I still have not seen any "torture test" report or article for the LCR.
Who "speed loads" a belly gun anyway. That is just alot of armchair-tactical BS. I have always been taught that the "speedloader" is your option to RUN away, after five shots, if the threat is still there.
No jury is going to sympathize with someone who stayed around and reloaded.
By calling speedloaders and carrying them "armchair-tactical BS, you imply that anyone who speedloads or practices speedloading a "bellygun" is an armchair ranger and doesn't really know what they are doing.
As for training, I have had multiple ongoing training classes and sessions since becoming a Police Officer in 1991 and then becoming a firearms training officer in 1994. I'll grant you that none of them were Gunsite, but it shouldn't matter. Every class, seminar, paper, what have you, that I have read, seen or whatever, since then has stressed reloading and the necessity to be able to reload under stress. This applies to CCW holders, as well, not just cops.
As for having minimal equipment, well, what can I say? You may only have minimal equipment but I and a lot of others here don't. EVERY TIME I carry, I have my SP101, 2 speedloaders and 2 speed strips. EVERY TIME! I'll readily admit that it's overkill, but it is what I am comfortable with. If I carry something heavier (I will occasionally carry my Glock 21 duty gun in the winter, if I am wearing enough heavy clothes to effectively cover it and will also occasionally carry my Glock 26), I still have a minimum of 2 reloads for the gun. If you decide to carry just the gun and the ammo in it, it's your decision. I, personally, think it is foolish, but it's your decision. If you don't want to carry speedloaders, then carry speed strips. They are flat and carry very well in a pocket.
And, just because I know it will be brought up, yes, I am a cop and train that way. However, there is enough overlap in training for a gun fight that it shouldn't matter if you are a cop or CCW holder. A gunfight is a gunfight is a gunfight. The only real difference is what you should be doing before and after the fight, not what happens during. The training for the actual fight, to me, is exactly the same. To put rounds on target in an attempt to get the person you are shooting to stop whatever it is they are doing at that time.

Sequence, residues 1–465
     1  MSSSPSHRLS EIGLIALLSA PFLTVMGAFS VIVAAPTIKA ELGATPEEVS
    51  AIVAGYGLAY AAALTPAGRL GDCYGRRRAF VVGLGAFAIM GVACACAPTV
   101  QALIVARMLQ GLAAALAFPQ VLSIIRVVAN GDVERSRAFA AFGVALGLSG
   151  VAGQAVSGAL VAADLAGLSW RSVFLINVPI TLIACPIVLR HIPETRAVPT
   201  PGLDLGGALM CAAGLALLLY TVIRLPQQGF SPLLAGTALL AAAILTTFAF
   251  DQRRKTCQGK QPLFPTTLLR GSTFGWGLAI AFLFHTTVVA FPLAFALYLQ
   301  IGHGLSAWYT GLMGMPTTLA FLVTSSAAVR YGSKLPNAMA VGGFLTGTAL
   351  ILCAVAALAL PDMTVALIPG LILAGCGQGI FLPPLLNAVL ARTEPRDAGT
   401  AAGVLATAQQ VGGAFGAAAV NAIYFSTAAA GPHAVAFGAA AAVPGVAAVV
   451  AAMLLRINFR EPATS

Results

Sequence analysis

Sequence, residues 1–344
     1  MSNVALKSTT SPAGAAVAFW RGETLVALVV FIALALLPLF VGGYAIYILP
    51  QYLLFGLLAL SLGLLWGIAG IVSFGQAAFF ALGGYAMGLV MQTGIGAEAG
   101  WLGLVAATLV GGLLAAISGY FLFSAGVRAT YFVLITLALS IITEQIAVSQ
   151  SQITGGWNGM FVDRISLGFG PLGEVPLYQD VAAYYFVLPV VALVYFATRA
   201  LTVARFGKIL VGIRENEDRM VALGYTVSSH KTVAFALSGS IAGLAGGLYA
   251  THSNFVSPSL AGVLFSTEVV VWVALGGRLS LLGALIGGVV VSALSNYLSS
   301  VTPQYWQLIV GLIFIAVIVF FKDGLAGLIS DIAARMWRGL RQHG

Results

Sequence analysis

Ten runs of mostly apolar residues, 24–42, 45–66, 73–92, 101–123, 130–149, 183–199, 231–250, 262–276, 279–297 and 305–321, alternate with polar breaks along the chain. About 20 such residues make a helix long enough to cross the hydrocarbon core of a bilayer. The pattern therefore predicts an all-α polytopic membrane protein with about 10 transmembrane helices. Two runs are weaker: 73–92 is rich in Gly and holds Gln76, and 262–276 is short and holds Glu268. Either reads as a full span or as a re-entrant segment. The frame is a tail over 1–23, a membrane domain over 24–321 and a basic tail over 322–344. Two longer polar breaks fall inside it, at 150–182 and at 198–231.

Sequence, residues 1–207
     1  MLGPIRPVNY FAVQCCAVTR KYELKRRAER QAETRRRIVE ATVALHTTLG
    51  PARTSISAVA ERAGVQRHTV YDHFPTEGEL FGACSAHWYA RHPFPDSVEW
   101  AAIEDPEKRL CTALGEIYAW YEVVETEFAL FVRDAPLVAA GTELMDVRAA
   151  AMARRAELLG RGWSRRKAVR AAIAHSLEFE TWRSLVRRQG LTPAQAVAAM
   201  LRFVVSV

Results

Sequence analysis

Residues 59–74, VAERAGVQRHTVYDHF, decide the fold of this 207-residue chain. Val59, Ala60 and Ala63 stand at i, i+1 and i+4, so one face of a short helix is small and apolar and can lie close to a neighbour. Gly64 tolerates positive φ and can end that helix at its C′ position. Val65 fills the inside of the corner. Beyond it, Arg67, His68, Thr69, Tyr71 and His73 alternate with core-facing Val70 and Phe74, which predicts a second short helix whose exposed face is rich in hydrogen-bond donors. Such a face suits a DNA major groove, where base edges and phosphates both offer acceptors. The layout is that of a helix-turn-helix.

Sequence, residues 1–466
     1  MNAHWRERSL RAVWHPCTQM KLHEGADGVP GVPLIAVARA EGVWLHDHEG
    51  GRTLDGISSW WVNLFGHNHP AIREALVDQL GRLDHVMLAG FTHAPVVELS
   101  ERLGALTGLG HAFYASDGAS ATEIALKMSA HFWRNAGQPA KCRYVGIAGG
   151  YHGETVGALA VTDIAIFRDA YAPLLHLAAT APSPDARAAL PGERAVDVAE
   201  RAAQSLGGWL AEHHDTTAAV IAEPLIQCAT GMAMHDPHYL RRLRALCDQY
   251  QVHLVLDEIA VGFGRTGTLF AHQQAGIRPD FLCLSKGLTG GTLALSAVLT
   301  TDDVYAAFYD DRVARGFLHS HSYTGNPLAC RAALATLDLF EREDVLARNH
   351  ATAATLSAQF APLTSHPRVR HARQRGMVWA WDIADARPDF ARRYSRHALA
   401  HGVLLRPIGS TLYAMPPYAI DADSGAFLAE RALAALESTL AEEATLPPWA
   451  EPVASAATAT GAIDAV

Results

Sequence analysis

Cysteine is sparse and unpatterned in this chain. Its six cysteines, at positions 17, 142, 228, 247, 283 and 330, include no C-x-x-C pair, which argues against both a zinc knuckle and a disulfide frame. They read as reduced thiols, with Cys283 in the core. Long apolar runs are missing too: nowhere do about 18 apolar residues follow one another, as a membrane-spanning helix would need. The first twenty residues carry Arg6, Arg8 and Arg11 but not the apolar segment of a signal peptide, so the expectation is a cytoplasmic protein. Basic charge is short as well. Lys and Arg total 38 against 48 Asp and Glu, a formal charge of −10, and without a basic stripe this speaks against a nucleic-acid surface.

IMHO, as an instructor, your practice should focus on what you learn in training and should work to hone those skills. Current wisdom is that, in a violent encounter, "You will not rise to the occasion, you will default to your level of training". If your training or practice sessions never included, for example, speed reloads, then you will, in all probability, screw it up if you have to speed reload in an encounter. Likewise, if you don't have training in long-range shooting and need this skill, you will likely screw that up, as well. This is why quite a few of us have these skills and practice them on a regular basis. Are they likely to be necessary in a strictly self-defense scenario? Probably not. But they are there if needed. To us, they are not "armchair-tactical BS", they are necessary skills. This is what I took offense to and took as a put-down. To me, it smacks of the arrogance that some show with the attitude that their method is right and everyone else is wrong. If it was not intended in that light, I apologize. But that is the way I took it. The problem with forums like this is that you lack the body language and vocal inflections that tell you when someone is just joking around and make it all too easy to take offense when none is meant.
And, I'll readily agree with you about practice. As long as you are using all your critical skill sets, it doesn't matter how you do it, just do it!